Learning what it means to be a young carer in Wollongong

21st May, 2021   |    By Claire -Heywire   |    3 min read

Written by Heywire winner Claire Williams, Wollongong, NSW – you can also listen to this story at Heywire.

I first met Kate in kindergarten.

We were the social outcasts, she in a wheelchair with cerebral palsy and I had undiagnosed asperger’s syndrome and savant syndrome.

What’s savant syndrome?

Think Dustin Hoffman in the film Rain Man – super smart and a bit awkward at socialising.

I didn’t speak a word until I was nine years old and Kate couldn’t control her body, so in a sense she was the voice and I was the muscle.

Kate is the sister I never had.

We were inseparable and often I was her only form of mobility.

I spent my school lunchtimes pushing her wheelchair around, waiting for her to go to the bathroom so we could return to class together and making sure that she joined in on class discussions.

Every lesson, every lunchtime and every weekend we would stick together.

Kate is my best friend but when I am with her I am constantly exhausted; caring for another person is hard work!

To this day I haven’t forgiven the school system that forced that responsibility on me.

I was a child with a disability who was almost entirely responsible for another disabled child.

At the end of Year 11, I gained employment as a tutor, helping young carers succeed in their education.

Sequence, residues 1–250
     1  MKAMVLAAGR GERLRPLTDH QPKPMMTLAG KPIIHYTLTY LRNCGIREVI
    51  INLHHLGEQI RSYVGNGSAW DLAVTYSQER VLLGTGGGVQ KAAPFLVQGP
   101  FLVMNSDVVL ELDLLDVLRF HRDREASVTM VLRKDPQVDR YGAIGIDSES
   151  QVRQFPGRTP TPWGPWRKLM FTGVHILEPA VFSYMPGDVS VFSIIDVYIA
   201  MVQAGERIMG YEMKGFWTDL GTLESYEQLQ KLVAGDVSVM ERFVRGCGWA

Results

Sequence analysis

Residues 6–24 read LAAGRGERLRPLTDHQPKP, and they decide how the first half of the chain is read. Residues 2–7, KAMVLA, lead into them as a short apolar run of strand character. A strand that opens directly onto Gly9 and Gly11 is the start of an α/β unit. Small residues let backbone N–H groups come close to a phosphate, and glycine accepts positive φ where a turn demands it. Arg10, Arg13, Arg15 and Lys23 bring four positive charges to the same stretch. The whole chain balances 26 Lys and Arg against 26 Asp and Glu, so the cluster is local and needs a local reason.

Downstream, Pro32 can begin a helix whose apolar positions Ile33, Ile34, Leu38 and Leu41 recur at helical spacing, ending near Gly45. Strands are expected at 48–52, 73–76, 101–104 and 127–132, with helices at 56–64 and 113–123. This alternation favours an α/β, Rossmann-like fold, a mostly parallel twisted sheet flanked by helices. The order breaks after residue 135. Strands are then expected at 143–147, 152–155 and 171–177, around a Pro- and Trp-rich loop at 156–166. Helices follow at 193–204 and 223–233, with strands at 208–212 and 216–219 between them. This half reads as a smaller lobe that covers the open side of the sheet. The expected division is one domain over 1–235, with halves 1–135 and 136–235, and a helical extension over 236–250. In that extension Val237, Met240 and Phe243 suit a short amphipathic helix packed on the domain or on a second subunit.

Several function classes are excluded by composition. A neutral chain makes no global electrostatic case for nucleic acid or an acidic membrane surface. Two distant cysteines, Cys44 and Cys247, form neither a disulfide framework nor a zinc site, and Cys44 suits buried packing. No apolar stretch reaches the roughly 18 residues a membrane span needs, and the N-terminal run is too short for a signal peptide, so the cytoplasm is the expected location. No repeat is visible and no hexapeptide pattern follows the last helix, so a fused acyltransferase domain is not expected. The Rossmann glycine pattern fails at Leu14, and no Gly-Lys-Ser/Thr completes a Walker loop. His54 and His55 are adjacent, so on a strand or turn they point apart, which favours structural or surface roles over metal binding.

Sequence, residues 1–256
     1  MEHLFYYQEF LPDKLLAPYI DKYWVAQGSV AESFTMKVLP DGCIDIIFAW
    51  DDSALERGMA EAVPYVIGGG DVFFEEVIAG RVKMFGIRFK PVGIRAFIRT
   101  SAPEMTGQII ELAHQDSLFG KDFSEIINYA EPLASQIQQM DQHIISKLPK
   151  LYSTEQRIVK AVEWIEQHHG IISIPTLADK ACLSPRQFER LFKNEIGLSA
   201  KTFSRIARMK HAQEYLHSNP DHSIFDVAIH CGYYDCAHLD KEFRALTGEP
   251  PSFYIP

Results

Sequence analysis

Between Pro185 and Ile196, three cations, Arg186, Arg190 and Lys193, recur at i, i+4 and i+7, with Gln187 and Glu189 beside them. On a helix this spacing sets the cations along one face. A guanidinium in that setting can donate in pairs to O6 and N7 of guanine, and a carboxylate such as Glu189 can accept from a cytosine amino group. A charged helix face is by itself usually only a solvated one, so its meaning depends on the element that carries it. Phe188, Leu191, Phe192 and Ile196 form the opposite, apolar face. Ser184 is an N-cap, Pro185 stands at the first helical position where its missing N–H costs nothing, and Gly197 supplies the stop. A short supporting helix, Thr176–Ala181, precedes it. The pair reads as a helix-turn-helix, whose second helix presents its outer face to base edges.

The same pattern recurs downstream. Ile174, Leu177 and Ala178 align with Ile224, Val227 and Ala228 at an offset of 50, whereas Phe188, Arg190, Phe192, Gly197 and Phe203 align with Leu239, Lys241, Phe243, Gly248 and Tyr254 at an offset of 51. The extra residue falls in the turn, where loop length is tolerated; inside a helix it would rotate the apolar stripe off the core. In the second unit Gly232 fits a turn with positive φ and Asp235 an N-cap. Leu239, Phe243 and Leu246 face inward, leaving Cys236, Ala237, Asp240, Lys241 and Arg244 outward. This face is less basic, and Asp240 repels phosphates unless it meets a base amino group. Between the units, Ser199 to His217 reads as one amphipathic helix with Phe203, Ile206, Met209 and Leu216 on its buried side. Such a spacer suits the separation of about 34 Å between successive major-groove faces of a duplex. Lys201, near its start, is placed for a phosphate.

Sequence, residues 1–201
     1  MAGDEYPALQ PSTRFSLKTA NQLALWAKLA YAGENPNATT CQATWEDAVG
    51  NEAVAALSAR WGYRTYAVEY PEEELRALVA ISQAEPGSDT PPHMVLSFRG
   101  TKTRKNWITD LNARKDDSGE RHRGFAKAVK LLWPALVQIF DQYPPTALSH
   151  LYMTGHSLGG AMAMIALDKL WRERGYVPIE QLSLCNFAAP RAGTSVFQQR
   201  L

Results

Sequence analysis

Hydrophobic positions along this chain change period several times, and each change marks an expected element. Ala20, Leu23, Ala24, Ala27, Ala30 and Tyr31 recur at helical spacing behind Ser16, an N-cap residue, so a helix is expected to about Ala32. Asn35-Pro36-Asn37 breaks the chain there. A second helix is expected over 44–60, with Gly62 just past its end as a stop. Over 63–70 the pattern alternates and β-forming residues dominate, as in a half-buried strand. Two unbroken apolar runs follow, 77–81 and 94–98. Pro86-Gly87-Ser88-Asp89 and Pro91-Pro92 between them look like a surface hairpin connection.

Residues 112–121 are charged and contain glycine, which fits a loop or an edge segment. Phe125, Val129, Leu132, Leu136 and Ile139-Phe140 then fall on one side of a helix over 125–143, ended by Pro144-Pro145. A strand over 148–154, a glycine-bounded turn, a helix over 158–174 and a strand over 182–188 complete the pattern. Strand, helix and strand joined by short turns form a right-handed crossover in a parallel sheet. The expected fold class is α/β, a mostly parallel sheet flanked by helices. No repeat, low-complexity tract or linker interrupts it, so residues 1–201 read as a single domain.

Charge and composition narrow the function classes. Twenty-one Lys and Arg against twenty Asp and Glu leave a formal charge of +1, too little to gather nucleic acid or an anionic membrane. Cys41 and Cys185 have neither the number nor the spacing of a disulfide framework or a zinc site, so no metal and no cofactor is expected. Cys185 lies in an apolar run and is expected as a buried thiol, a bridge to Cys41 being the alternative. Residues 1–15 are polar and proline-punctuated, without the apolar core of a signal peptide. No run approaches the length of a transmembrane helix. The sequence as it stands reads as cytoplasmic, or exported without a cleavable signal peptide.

My disability makes it hard to have face-to-face contact with people but I have a fantastic memory for retaining knowledge.

It wasn’t until I started working with these kids that I realised my role as Kate’s friend fit the role that these kids were playing as careers – helping another person with eating, medication, mobility, cleaning up, changing their clothes, moving them into a more comfortable position, and just watching out for them and making sure that they are safe.

Most of these kids don’t even know what being a kid is about, as they have played the role of an adult for so long.

Imagine getting out of bed, having a shower, getting dressed, eating breakfast and leaving for school, then imagine doing it all over again – for someone else. Imagine how exhausted you would be at the end of the day when you had done everything twice.

Recently I attended a leadership program for young carers, and I’m making it my mission to help as many young carers as possible receive the support that is available.

Being a young carer is hard but it can be a positive experience.

I should know, I’ve been a carer my entire life!

Also check the related topics:  

Young carers

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